We got married on May 5, 1996. That date was chosen because we thought it would make it really, really hard for me to forget our anniversary. You know how men are. If I could just remember the month, I would have no problem remembering the day.
We wanted to get married in Puerto Plata in the Dominican Republic in April, but “the judge” was always too busy to fit us into our schedule — unless we came up with $500. I don’t think we had $500 between the two of us back then. So we went down to the beach at midnight, waded out into the warm waters of the Caribbean, and told each other what was in our hearts under a beautiful full moon.
When we got home to Rhode Island, we arranged a very small, very private ceremony at our home. It was just a reverend, a neighbor couple to be witnesses and us. Our Golden Retriever, Max, and Casimir, our chocolate point Siamese completed the wedding party. Actually, the cat couldn’t be bothered and was off chasing chipmunks the whole time.
This past winter, we decided to invite a few friends and family members to come join us as we renewed our vows following our 20th anniversary. We expected 20 to 30 people. More than 60 showed up.
The weather was uncooperative. A light drizzle began about an hour before our guests arrived and continued most of the afternoon. Instead of being outside on the wraparound deck, everybody congregated in the house to avoid getting wet. It was an intimate gathering, to say the least. I doubt our home has ever had so many people crammed into it.
It didn’t matter. In a way, the rain forced people to talk to each other. It was hot and boisterous and a lot of fun. People came from Marblehead and Mattatuck, Stafford Springs and Cumberland, Torrington and Providence. We were thrilled that so many people would put their own lives on hold for an afternoon to come help us celebrate the renewal of our wedding vows.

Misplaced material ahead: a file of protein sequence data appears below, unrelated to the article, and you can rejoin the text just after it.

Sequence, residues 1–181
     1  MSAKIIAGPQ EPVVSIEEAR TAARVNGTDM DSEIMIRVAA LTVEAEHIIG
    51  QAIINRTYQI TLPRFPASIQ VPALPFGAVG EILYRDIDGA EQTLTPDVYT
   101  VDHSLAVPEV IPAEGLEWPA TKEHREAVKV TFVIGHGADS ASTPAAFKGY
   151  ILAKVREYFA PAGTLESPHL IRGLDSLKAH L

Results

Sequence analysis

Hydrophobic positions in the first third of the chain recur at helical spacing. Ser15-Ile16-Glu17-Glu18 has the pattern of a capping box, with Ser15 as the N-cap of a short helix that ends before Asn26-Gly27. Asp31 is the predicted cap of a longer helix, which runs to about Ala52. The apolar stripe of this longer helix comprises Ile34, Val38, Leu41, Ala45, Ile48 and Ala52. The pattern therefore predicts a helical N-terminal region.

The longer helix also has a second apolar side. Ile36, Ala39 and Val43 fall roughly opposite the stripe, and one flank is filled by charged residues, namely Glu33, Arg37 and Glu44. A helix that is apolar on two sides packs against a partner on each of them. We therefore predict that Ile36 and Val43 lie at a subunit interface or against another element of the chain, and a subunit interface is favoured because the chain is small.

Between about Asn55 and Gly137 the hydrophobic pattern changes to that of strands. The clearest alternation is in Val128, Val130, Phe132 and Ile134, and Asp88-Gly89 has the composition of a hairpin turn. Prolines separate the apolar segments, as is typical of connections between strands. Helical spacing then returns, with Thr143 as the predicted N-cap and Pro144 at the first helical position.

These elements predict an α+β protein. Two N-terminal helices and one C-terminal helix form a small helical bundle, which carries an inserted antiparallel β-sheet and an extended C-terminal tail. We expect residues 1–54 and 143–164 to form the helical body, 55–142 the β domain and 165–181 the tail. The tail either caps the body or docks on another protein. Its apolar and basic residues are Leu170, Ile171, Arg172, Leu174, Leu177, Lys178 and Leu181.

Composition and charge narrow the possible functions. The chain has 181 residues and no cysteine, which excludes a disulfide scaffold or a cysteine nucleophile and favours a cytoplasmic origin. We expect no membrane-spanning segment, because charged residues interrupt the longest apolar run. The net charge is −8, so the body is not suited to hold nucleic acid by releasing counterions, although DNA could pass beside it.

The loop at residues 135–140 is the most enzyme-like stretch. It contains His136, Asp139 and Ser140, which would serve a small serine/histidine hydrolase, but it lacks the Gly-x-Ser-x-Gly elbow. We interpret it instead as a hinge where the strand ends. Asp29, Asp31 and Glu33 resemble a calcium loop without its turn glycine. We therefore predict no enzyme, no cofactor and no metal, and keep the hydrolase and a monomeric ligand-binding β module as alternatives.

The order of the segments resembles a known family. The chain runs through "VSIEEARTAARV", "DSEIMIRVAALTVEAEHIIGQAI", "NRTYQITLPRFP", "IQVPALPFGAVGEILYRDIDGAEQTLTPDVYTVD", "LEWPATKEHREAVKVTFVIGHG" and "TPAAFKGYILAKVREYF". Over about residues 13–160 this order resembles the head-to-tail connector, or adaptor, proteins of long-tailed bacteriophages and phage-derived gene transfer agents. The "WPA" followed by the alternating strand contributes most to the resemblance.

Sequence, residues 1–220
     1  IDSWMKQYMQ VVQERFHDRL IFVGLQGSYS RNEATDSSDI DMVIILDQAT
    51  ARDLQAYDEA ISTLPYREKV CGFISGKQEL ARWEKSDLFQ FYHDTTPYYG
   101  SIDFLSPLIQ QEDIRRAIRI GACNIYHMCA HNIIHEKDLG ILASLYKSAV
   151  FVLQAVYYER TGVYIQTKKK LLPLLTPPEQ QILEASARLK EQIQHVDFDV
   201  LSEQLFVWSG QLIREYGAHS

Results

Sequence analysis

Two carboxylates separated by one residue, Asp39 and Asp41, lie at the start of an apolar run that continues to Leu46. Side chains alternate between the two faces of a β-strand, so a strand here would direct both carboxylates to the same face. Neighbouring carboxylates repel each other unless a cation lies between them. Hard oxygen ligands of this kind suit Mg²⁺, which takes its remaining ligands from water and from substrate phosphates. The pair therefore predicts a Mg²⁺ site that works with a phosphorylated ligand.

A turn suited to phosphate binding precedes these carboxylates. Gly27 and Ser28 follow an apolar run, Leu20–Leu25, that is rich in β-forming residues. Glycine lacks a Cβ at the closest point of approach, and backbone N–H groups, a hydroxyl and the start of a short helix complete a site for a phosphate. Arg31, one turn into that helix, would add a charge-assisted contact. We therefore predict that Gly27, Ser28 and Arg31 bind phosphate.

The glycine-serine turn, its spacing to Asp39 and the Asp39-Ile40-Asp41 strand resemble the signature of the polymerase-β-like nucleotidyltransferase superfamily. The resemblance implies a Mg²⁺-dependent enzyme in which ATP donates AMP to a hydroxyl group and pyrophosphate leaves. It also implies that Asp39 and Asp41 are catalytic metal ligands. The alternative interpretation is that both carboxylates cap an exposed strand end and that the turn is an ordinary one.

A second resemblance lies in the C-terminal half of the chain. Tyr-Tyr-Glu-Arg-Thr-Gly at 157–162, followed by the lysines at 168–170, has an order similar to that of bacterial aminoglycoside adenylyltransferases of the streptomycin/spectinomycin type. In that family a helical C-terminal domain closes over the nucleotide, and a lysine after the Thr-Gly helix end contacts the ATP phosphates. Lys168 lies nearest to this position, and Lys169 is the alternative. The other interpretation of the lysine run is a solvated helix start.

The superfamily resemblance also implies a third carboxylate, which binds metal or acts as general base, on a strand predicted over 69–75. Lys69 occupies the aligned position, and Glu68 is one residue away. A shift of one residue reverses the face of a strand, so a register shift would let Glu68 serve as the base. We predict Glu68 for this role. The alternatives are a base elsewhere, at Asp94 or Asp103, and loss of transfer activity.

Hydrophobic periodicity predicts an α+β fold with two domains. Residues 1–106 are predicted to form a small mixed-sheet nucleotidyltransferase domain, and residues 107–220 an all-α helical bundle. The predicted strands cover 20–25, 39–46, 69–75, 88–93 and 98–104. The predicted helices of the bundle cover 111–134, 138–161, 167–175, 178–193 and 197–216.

Carolyn and I put together a short presentation. We recounted our lives together and promised to continue sharing our love for each other. Then the food was served. It disappeared in a matter of minutes. This group had some healthy appetites!
In lieu of traditional gifts, we asked people to bring only growing things. What a collection of beautiful plants we had at the end of the day! They will be planted all around the property to remind us of the wonderful people we hold dear.
The afternoon was a celebration of love and caring. Our friend Odile made a wonderful speech. She is a native French speaker and has a fine appreciation for the linguistic distinctions that apply to the various states of mind included in the English word “love.” You can read her beautiful thoughts here.
Here is a collection of photos from our special day.
Some of you may wonder how this all started. I attribute it to something Carolyn did one afternoon after a snow storm. We had been living together for some time by then. I came home one day to find the most adorable snow sculpture gracing the front yard. That’s when I knew she was the one.
Thank you to everyone who stopped by. We felt honored by our kindness and caring. We truly enjoyed our special day, so much so that we plan to do it again — in 2036.